Wars have many indirect consequences, and the Iraq War has certainly been a burden to the country waging it. Here’s a look at a few ways this war has impacted America at home.
Post Traumatic Stress Disorder
As many as 20 percent of American soldiers returning from Iraq will need professional help coping with post traumatic stress disorder, according to a bipartisan commission on veterans care. PTSD, an anxiety disorder common among soldiers because of prolonged exposure to combat, has in the past been written off as something less damaging. However, soldiers are returning from Iraq with the diagnosis far more frequently than in wars past.
Perhaps connected, the suicide rate in the U.S. Army was the highest on record last year.
In March 2003, average gas prices came dangerously close to a record high at $1.72 per gallon. Last week, average prices met a new high of $3.30, while a gallon in Hawaii soared to over $5. That can be attributed, in part, to a reduction in production of Iraqi oil and the general market instability caused by the continued fighting in the Middle East.
For comparison’s sake, the year Ronald Reagan entered office, 1981, gas cost $1.38 a gallon. And the near-doubling of prices over the past five years is dramatic in context: From April 1993 to just before the start of the war, prices jumped from $1.06 to $1.63, according to the government’s Energy Information Administration.
The debt in this country has soared under President Bush, and not just because of the Iraq War. Add in the war in Afghanistan, the tax cuts Bush instituted for the wealthy and his administration’s spending increases in other parts of government, and you’re left with unapproachable debt, the centerpiece of which is a war being waged on someone else’s dime — mainly foreign lenders. The national debt as of Tuesday was just over $9 trillion.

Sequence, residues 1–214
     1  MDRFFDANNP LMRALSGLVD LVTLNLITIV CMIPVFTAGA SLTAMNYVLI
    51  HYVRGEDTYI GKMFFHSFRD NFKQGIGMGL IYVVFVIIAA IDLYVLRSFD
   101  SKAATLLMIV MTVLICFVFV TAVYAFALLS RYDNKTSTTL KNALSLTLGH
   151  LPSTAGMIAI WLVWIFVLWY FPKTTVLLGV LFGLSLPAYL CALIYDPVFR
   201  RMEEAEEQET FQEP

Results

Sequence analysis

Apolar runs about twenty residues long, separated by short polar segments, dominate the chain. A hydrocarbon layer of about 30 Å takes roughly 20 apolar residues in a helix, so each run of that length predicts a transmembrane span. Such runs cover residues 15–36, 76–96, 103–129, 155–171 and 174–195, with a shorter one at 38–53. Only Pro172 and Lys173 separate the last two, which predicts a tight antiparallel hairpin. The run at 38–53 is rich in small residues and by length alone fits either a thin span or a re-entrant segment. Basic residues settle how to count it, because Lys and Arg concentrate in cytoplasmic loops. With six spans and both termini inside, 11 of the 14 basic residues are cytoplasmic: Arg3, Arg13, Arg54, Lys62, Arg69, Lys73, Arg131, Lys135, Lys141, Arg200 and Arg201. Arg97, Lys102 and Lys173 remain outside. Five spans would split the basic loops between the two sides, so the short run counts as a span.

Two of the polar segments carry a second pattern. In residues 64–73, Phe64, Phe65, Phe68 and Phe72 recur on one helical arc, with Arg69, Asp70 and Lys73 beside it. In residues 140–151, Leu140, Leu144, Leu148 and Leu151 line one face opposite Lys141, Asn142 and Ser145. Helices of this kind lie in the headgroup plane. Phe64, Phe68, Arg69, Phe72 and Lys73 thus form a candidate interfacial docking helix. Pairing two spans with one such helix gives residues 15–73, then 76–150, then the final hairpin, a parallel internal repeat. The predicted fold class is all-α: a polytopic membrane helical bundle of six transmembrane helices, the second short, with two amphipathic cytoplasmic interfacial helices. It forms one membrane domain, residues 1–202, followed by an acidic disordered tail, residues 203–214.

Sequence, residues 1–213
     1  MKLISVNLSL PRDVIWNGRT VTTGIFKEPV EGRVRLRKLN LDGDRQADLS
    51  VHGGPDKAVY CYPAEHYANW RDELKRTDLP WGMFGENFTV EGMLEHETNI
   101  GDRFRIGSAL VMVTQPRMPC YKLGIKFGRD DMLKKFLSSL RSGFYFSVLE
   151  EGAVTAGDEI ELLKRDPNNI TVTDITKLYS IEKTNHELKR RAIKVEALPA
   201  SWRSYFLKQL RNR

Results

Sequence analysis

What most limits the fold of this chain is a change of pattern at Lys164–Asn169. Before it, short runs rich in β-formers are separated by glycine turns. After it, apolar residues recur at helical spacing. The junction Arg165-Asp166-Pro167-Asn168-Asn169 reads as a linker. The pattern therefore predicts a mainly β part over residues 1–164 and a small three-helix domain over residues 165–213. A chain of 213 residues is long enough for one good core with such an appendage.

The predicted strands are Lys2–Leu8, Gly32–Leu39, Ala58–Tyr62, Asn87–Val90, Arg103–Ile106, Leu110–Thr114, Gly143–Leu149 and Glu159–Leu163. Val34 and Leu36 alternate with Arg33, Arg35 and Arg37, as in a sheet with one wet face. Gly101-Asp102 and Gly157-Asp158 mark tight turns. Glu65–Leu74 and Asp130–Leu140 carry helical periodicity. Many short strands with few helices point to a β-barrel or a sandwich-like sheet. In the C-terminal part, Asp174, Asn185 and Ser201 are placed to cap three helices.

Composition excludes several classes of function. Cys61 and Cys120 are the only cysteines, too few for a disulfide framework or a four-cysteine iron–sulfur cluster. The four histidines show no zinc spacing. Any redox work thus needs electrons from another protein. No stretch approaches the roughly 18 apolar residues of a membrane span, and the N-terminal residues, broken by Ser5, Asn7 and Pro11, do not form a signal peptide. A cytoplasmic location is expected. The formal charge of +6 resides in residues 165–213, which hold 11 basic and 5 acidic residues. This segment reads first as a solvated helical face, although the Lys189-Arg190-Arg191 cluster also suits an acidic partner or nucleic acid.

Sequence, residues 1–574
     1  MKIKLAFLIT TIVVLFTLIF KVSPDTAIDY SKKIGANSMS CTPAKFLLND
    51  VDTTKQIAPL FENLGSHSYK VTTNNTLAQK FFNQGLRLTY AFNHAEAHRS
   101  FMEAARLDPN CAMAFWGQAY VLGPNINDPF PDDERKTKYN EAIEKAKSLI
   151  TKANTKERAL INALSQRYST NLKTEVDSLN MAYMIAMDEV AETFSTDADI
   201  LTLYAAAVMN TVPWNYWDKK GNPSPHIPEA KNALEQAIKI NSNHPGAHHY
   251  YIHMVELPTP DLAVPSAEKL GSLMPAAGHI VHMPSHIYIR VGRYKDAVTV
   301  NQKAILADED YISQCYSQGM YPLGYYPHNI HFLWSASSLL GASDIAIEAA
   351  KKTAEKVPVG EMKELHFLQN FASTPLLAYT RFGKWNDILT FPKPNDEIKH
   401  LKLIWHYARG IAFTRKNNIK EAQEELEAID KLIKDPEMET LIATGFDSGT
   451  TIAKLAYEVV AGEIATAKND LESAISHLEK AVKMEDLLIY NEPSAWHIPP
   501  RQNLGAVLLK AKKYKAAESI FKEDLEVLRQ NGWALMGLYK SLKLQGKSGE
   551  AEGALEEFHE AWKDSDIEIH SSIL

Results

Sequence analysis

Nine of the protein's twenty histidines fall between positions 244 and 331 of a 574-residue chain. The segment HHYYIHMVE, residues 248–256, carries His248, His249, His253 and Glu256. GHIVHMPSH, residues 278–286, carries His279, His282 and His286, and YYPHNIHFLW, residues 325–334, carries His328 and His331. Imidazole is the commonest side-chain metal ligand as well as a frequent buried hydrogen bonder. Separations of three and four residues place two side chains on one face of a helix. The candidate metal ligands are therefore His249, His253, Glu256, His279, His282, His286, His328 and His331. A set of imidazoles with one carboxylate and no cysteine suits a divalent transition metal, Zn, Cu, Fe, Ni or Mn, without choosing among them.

As of this year’s budget, the total cost of the Iraq War is more than $600 billion, 10 times what the administration told Congress it would cost five years ago. According to a report by Congress’ Joint Economic Committee issued last November, the total cost of the war — including the cost of treating some 30,000 wounded soldiers, domestic economic disruption and so forth — is $1.3 trillion, and it jumps $3 billion more if you add Afghanistan.
Meanwhile, a bridge collapsed in Minnesota last year, and in its wake we learned that America is lucky that other public infrastructure — no longer being properly maintained due in part to lack of federal funding — hasn’t shared that fate.
Also, healthcare costs for the average American have increased more than 100 percent since President Bush took office, and comprised 16 percent of America’s gross national product last year, according to the National Coalition on Health Care.
The people have had enough: Bush’s approval rating was 64 percent a month after Shock and Awe, according to a CBS News poll. The most recent Washington Post-ABC News poll has the president’s approval rating at 32 percent. And when the Democratic Congress took office last year and failed to end the war, its approval rating dropped below 20 percent.
casualty report (as of Tuesday, March 25):
United States soldiers killed in Iraq: 4,000
British soldiers killed: 175
Estimated number of Iraqis killed since fighting began: between 82,000 and 650,000
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